Currently, traditional treatments for schizophrenia emphasize high doses of antipsychotic medications to help manage symptoms of the mental illness. But findings published online in the journal Schizophrenia Bulletin show that a recent government program focusing on lower doses of antipsychotic meds, paired with talk therapy and case management sessions, has proved to be better for patients and more cost-effective for providers in the long run, Al Jazeera reports.
The program, called Navigate, is backed by the National Institutes of Mental Health. It treats people recently diagnosed with schizophrenia—a mental illness that affects nearly 3 million Americans and is marked by hallucinations, paranoia and other forms of psychosis.
For the study, researchers at the Yale School of Medicine reviewed the cost and treatment outcomes for almost 400 people diagnosed with schizophrenia. Between 2010 and 2012, participants were randomly assigned to either Navigate or a standard community care program. Scientists found that while Navigate costs $3,600 more per year than standard care, those enrolled in the new program fared about 13 percent better overall in improving their symptoms than the control group.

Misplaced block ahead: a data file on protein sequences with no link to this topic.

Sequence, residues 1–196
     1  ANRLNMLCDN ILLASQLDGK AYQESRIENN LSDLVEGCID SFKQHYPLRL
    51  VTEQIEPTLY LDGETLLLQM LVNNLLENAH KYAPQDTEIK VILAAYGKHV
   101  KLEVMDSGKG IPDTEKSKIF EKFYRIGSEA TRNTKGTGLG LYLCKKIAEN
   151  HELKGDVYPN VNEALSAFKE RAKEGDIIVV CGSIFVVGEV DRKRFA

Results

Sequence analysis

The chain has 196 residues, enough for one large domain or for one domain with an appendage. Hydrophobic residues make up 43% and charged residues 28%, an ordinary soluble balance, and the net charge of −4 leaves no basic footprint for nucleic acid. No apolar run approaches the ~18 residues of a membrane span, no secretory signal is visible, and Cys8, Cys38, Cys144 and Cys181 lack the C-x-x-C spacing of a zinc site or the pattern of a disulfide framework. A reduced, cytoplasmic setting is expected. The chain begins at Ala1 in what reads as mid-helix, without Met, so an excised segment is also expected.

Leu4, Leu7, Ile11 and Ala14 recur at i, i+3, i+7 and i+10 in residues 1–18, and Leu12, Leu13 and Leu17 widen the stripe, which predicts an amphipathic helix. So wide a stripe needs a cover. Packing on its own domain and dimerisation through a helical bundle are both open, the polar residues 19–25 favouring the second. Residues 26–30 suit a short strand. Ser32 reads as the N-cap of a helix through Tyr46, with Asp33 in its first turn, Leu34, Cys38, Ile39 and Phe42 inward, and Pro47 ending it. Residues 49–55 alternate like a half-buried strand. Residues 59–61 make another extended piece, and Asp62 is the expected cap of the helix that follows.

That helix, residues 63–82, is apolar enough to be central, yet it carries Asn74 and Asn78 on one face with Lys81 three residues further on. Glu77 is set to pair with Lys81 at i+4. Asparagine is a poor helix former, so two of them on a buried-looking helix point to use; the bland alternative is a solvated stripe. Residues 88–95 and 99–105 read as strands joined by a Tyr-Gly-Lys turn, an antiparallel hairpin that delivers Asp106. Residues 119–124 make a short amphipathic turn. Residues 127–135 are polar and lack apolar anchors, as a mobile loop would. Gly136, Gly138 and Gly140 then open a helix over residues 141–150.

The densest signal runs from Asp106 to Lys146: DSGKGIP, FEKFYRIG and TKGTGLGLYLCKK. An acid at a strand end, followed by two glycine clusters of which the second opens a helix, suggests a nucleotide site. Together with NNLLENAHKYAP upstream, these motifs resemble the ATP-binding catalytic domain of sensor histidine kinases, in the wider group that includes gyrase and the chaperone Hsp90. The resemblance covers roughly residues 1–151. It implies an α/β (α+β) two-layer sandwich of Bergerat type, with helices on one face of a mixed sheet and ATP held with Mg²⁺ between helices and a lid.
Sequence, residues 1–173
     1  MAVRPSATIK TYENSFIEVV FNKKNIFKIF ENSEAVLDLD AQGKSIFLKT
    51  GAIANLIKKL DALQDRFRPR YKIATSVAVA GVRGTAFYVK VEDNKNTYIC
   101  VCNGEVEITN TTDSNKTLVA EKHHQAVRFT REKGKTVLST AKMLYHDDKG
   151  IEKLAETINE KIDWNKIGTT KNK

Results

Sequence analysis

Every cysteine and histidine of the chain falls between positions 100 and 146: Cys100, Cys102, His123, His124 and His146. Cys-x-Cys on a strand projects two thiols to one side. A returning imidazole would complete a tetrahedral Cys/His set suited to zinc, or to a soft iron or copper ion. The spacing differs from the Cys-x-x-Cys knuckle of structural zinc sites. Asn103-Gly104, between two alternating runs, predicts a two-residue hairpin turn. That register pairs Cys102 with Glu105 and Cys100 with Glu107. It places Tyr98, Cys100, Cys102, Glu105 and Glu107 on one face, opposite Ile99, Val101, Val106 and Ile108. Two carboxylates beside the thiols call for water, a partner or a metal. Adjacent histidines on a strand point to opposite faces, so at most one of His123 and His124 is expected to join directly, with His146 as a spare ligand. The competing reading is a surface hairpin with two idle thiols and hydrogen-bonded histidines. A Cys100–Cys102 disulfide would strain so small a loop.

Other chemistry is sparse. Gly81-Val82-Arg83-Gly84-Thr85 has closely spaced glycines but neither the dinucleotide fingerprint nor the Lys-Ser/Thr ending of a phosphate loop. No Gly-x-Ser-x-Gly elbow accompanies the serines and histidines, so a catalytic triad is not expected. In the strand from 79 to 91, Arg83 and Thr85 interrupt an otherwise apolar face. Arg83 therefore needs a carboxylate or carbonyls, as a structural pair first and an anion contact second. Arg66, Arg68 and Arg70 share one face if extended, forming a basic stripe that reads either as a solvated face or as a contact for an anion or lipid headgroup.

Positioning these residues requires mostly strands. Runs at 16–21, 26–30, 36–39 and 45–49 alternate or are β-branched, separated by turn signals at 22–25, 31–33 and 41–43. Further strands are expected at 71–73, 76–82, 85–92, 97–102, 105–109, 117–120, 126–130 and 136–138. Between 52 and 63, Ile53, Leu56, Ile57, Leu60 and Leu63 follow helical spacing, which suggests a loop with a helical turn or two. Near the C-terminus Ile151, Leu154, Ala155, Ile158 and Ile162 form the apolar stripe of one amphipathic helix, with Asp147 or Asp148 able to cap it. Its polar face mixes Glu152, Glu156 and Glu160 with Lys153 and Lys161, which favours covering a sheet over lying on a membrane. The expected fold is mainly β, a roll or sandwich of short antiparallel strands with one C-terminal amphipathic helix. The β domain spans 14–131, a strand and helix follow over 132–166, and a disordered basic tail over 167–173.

In addition, scientists noted that patients could decrease the costs of the program by about $2,000 each year if they could get generic antipsychotic medications.
“The value of the achieved clinical benefit [of coordinated specialty care programs] appears to justify these additional expenditures, especially for clients with shorter [duration of untreated psychosis] and when generic prices for antipsychotic medication are applied,” wrote the study authors.
Since 2014, 32 states have added early intervention programs, such as care coordination and supported employment and education, to their existing treatment programs for patients who experience first-episode psychosis.
To learn more about available schizophrenia treatments, click here.